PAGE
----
30 Teams in 30 Days: Warriors look to regain title with help of Durant
Since the Cavaliers won their first NBA title back on June 19, NBA teams have undergone a number of changes over the long summer offseason. NBA.com’s Shaun Powell will evaluate the state of each franchise — from the team with the worst regular-season record in 2015-16 to the team with the best regular-season record — during the month of September as we look at 30 Teams in 30 Days. | Complete schedule
Today’s team: Golden State Warriors
2015-16 record: 73-9
Who’s gone: G Leandro Barbosa, F Harrison Barnes, C Festus Ezeli, G/F Brandon Rush, F/C Marreese Speights
Who’s new: C Damian Jones, SG Patrick McCaw (via Draft); F Kevin Durant, C Zaza Pachulia, F David West (via free agency);
The Lowdown: The Warriors followed up a championship season with a record 73 wins before blowing a 3-1 lead in the Finals and failing to repeat as champs.
This wasn’t merely a case of the rich getting richer. This was the rich getting filthy, dirty, nauseatingly richer. This was a case of a billionaire peeling off a dollar bill and buying the winning lottery ticket.
Should you envy them, congratulate them, respect them or fear them? Maybe all apply with regard to the Warriors, the most dominant team in the NBA over the last two seasons, a team with a core in its prime, adding a superstar like Durant who is also in his prime. Suddenly, they have the appearance of Tiger Woods in the mid-2000s. It’s them against everyone else. Do you like their chances of winning the title this season, or the field?
Hard to argue against the Warriors with Durant. Taking each of them separately, they probably would’ve won a second straight title had Draymond Green not gotten himself suspended for a game in the Finals. In any event, no team in the NBA has even approached the Warriors for greatness since January of 2015, when they separated themselves from the pack. Durant is one of the top five players in basketball who recovered nicely from an assortment of injuries and resumed his nightly torching of defenses.
You put them together, and it promises to be a sight to behold.
The reason Durant is a good fit because he, like the Warriors, is an unselfish player who happens to be great. He spent the last half-dozen years playing next to shoot-first point guard Russell Westbrook; being on a team with Stephen Curry and Klay Thompson shouldn’t be any problem. There’s enough shots for everyone, especially considering Green is mostly a facilitator who works in the control tower, looking for teammates. The Warriors could have four players on the All-Star team next season.
After he announced his decision to sign with the Warriors, Durant received the predictable backlash from a segment of the public and also within the league, but he shouldn’t have any second thoughts. It was a sound decision on a few levels. He’s joining a team with a core that is signed (with the exception of Curry, who’ll be given the max next summer) and secure. He has a good coach in Steve Kerr, a smart GM in Bob Myers and a do-what-it-takes owner in Joe Lacob.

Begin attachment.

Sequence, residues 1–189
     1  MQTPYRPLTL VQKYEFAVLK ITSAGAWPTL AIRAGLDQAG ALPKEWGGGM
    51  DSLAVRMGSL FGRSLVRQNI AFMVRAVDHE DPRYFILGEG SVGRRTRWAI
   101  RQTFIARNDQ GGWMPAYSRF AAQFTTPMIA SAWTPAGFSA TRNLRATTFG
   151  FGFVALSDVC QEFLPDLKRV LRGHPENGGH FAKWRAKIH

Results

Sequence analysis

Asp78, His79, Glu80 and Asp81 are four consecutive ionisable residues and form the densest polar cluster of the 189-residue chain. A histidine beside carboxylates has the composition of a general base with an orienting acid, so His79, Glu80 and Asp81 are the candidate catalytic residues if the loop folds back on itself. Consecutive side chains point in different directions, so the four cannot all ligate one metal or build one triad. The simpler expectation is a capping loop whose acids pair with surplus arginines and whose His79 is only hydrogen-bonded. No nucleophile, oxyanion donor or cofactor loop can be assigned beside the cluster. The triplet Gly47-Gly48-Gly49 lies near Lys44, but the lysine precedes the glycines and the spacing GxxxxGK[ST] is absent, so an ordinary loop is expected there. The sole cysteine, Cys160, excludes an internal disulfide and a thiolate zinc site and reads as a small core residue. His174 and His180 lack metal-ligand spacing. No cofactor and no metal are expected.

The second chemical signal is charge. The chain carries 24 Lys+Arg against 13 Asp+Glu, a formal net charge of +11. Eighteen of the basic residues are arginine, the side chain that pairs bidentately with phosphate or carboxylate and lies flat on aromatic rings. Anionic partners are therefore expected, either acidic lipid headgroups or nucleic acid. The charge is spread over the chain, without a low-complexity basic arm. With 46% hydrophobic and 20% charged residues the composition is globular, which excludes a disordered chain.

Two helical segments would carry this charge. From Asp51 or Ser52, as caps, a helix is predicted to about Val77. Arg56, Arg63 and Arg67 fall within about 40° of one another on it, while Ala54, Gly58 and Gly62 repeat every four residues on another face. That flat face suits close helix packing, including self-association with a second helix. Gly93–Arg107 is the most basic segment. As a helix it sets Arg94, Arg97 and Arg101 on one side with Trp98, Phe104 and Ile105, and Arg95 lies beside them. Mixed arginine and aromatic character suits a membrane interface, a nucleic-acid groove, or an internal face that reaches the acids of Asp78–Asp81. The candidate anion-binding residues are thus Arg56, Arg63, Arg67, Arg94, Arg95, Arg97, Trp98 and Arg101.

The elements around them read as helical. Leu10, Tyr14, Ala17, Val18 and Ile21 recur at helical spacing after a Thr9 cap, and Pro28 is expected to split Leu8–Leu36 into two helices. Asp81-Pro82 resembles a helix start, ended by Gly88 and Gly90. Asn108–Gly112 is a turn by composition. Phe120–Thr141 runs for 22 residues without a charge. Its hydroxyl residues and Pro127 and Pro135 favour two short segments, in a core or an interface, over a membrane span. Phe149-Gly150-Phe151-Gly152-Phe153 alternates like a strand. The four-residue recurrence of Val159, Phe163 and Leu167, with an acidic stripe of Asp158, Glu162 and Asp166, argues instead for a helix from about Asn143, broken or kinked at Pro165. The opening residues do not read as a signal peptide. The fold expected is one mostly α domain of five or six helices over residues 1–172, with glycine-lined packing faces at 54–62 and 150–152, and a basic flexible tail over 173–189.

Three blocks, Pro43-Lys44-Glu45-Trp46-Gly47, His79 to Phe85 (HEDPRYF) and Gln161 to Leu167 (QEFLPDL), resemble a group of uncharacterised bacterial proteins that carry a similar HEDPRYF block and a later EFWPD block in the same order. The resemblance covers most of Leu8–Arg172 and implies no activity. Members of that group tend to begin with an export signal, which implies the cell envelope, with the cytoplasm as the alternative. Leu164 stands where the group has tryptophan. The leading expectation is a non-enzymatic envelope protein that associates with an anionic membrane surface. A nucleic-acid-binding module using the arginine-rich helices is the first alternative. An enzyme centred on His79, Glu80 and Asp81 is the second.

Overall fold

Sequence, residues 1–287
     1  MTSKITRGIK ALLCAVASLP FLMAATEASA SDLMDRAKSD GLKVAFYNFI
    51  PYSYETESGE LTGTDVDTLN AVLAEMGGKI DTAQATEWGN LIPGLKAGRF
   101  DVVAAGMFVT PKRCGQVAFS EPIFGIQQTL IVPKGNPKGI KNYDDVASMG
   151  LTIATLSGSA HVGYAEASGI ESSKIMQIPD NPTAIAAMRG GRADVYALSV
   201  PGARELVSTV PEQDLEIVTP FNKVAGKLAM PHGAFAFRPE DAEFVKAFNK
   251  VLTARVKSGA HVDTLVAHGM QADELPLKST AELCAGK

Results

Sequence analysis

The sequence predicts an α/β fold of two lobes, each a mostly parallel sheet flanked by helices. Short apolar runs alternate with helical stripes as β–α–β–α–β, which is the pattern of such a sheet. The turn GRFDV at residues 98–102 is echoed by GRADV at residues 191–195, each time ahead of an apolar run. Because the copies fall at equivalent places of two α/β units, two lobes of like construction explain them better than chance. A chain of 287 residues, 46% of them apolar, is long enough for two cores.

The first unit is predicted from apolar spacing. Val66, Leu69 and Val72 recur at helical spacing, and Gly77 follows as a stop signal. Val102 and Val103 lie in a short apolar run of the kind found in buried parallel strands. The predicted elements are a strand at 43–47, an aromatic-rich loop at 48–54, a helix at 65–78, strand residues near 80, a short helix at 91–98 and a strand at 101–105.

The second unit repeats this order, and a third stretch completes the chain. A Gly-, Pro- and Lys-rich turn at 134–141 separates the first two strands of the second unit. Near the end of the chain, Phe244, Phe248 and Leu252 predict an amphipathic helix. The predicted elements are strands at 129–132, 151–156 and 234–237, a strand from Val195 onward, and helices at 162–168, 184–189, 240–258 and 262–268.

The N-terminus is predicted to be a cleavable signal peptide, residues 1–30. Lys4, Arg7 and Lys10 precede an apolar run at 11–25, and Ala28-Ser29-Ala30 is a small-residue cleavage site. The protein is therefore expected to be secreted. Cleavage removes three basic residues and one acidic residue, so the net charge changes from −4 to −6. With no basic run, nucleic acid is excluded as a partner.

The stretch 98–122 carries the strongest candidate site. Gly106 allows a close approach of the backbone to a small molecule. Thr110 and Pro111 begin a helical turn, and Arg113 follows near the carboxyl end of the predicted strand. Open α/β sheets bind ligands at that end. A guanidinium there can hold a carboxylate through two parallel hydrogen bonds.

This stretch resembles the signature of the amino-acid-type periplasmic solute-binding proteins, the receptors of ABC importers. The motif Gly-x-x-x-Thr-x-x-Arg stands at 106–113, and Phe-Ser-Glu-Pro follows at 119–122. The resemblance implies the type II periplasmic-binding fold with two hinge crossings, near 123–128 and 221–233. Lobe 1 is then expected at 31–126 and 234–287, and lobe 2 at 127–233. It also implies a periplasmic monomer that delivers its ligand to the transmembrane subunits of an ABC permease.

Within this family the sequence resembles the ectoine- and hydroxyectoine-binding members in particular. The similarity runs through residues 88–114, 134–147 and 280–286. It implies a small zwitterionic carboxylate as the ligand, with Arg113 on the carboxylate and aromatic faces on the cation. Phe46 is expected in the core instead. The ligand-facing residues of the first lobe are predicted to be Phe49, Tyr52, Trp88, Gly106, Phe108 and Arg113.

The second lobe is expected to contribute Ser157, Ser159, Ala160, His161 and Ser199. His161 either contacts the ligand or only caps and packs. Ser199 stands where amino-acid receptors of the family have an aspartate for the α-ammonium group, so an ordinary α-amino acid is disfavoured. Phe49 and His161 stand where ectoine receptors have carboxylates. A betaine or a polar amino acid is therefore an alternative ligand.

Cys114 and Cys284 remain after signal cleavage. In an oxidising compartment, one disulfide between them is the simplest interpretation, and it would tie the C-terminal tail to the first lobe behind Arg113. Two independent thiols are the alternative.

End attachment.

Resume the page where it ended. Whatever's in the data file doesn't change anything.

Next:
He also made a rival contender instantly weaker by leaving Oklahoma City; now the Warriors only need to “worry” about the Spurs and maybe the Clippers in the West.
Finally, Durant didn’t owe OKC anything. He gave the city and team several years of his prime. Sometimes change is good for the soul and serves as an energizer.
It’s also silly to cast the Warriors as some sort of villain. Why, because they were smart enough to keep their salary cap in good enough shape to sign a superstar? And to mold itself into a destination franchise? That deserves applause, not scorn.
Also, where are the “bad guys” on the team or in the organization? The franchise is comprised of genuinely good people, and while you can certainly raise an issue or two about Green, he’s the exception and not the norm. Most of any furor is rooted in jealousy or the realistic concern that the Warriors are about to rip through a dynasty, provided good health of course.
What really annoyed other teams is how the Warriors signed Pachulia after getting Durant. To clear space for Durant, they traded Bogut and couldn’t retain Barnes, which obviously cost them a pair of rotation mainstays. But then Pachulia signed up for duty at the cut-rate price of $2.9 million for one season. That’s below market rate for Pachulia, a beefy tough guy with soft hands who had a solid season with the Mavericks. But he saw a chance to start on a potentially historic team. Same for West, who hopped aboard, hoping for a ring.
Lacob must deal with salary issues in the near future, starting with Curry (who’ll command roughly $30 million-plus a season), then Andre Iguodala (free agent next summer) and then Thompson in a few years. But that’s down the road.
Right now, the Warriors head into training camp in a stretch limo, and the ride could be comfortable all the way through June.
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Veteran NBA writer Shaun Powell has worked for newspapers and other publications for more than 25 years. You can e-mail him here or follow him onTwitter.
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